June 2006

We ministers and theology students need to learn to be less critical of our wives. They are fragile beings that need to be loved and cared for and not criticized and yelled at. Pastor’s wives are people too.


Thomas Ridgeley’s A Body of Divinity: Wherein the Doctrines of the Christian Religion are Explained and Defended, Being the Substance of Several Lectures on the Assembly’s Larger Catechism is a book for which I have looked for well over a year. It is quite rare and does not appear in the used book market very often (I got it Tuesday!).

Here is a sample from the section on preparation for the Lord’s Supper:

Another duty preparatory to the Lord’s Supper, mentioned in this answer, is serious meditation. We are to perform this duty that we not engage in the ordinance without considering the greatness of the Majesty with whom we we have to do, together with our own vileness and unworthiness to approach his presence. We must also consider his power, wisdom, and goodness, to encourage us to hope for those supplies of grace from which we stand in need of; and we are to have an awful sense of his omnipresence and omniscience, as he is an heart-searching God, that we may be excited to an holy reverence, and guarded against the wandering of our thoughts and affections from him, or any unbecoming behaviour in his presence. More particularly, we are to consider beforehand, the end and design of Christ’s instituting this ordinance- namely, that his dying love to sinners might be signified and showed forth, and an encouragement to our faith, and an inducement to thanksgiving and praise. -p534

Left Behind the video game is soon to be released. On the Fringe brought this to my attention and I cannot stop ruminating on how ridiculous American Christianity has become. The game, according to creators, is meant to show, “…situations resulting from the stories’ post-apocalyptic time-frame are used to encourage gamers to think about matters of eternal significance, a topic largely ignored by modern games.”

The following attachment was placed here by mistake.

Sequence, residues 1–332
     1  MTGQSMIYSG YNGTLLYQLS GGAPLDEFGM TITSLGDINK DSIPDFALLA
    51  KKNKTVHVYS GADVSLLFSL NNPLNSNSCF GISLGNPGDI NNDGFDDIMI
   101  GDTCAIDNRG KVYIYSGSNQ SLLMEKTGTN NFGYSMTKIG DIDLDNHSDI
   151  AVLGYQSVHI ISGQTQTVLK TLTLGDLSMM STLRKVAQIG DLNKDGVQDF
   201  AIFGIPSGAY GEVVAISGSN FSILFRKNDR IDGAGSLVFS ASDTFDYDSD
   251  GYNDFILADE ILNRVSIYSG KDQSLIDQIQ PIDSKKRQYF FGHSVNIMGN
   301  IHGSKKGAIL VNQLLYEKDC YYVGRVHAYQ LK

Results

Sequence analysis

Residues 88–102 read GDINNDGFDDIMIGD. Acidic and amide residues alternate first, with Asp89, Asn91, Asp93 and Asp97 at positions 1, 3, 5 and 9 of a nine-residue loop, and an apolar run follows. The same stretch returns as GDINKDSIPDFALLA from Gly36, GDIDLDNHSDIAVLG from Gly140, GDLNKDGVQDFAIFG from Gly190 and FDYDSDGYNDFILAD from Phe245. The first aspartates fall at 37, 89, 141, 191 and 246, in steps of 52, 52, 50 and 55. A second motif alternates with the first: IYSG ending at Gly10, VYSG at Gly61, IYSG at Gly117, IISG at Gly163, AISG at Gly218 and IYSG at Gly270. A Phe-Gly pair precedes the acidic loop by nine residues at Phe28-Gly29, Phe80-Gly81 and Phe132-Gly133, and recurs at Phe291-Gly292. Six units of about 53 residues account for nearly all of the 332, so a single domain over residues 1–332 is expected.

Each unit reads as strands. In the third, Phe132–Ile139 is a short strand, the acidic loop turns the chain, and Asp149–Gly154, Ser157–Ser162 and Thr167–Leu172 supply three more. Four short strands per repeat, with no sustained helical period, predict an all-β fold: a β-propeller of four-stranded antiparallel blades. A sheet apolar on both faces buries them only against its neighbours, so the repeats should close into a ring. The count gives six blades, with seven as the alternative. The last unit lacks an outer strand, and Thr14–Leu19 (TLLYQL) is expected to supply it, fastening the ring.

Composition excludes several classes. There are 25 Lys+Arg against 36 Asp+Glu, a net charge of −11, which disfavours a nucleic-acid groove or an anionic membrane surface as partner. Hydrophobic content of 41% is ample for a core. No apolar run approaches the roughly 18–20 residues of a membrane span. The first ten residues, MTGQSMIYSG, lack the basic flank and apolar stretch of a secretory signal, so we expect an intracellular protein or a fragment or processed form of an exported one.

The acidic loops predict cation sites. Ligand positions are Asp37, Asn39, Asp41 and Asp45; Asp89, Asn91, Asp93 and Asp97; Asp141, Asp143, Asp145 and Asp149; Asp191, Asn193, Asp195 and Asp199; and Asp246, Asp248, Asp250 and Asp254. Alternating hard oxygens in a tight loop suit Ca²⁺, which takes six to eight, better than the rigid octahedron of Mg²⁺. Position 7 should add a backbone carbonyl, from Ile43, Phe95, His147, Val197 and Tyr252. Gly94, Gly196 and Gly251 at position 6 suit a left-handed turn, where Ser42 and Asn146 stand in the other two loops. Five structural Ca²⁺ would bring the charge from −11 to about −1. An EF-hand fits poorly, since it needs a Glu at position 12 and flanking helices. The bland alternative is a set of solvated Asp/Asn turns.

Is this what Arminian evangelism has lead to? Are we so ashamed of the Word of God and so doubt the work of the Holy Spirit that we rely on destructive and apocalyptic video games to do our evangelism for us?

I prefer the method of the Apostle Paul personally. I may be old fashioned and not Generation-Tech enough, but I think that the Spirit still works this way:

How then will they call on Him in whom they have not believed? How will they believe in Him whom they have not heard? And how will they hear without a preacher? How will they preach unless they are sent? Just as it is written, “HOW BEAUTIFUL ARE THE FEET OF THOSE WHO BRING GOOD NEWS OF GOOD THINGS!”However, they did not all heed the good news; for Isaiah says, “LORD, WHO HAS BELIEVED OUR REPORT?” So faith comes from hearing, and hearing by the word of Christ. -Romans 10.13b-17

Maybe if the Apostle Paul knew about this video game he would change his view of evangelism. It would not be faith comes by hearing Christ in preaching, but faith comes through gaming and how can they game without a programmer.

The object of such meditation is divine matters of which he has prior acquaintance. There is, furthermore, an inquisitive thinking about and meditation upon those matters with which one is not acquainted as yet but, nevertheless, desires to be acquainted with. However, the meditation in question here is a practical reflection upon matters with which we are acquainted, concerning which we wish to be inwardly moved again by way of meditation. He who is desirous to engage in spiritual meditation will sometimes pursue what comes to mind, and thus follow the Spirit indiscriminately from one subject to the next…. Hastiness in meditation will rob us of its fruitfulness (IV: 27-28).

When I say that I am Presbyterian- this is not what I mean.

Thanks for the article eChuck.

[O]ne must deny his sinful self, that is, the old Adam, in a general sense, with all his motions and desires–whatever the nature and contrary to whatever commandment these motions may be, and whatever the faculty of the soul and of the body may be by which such motions are executed.
Specifically, one must, first of all, deny his natural and darkened intellect; that is, to refuse to make this a rule of doctrine and life.
Secondly, we must deny our own will.
Thirdly, we must deny our inclinations.
Fourthly, we must deny our own honor. There is no sin more common to man and is more deeply rooted in the heart than a desire to be honored.
Fifthly, we must deny our desire for possessions. Man’s corrupt nature focuses on the physical. He desires to posses much, puts his trust in it, and determines to live from it.
Sixthly, we must deny our friends.
Seventhly, we must deny our life (III: 400-402).

The OPC has released their statement of on the New Perspective on Paul. In my opinion the OPC is the classic ‘play both sides of the argument’ denomination when it comes to some of the hard issues of the church. The report, as well as a critique can be read here.

Hopefully the congregations of this denomination will be able to stand for what is good and just and call out those who teach a false gospel.

Pray for the OPC and other reformed churches as they struggle through this trying time in the history of the Church.

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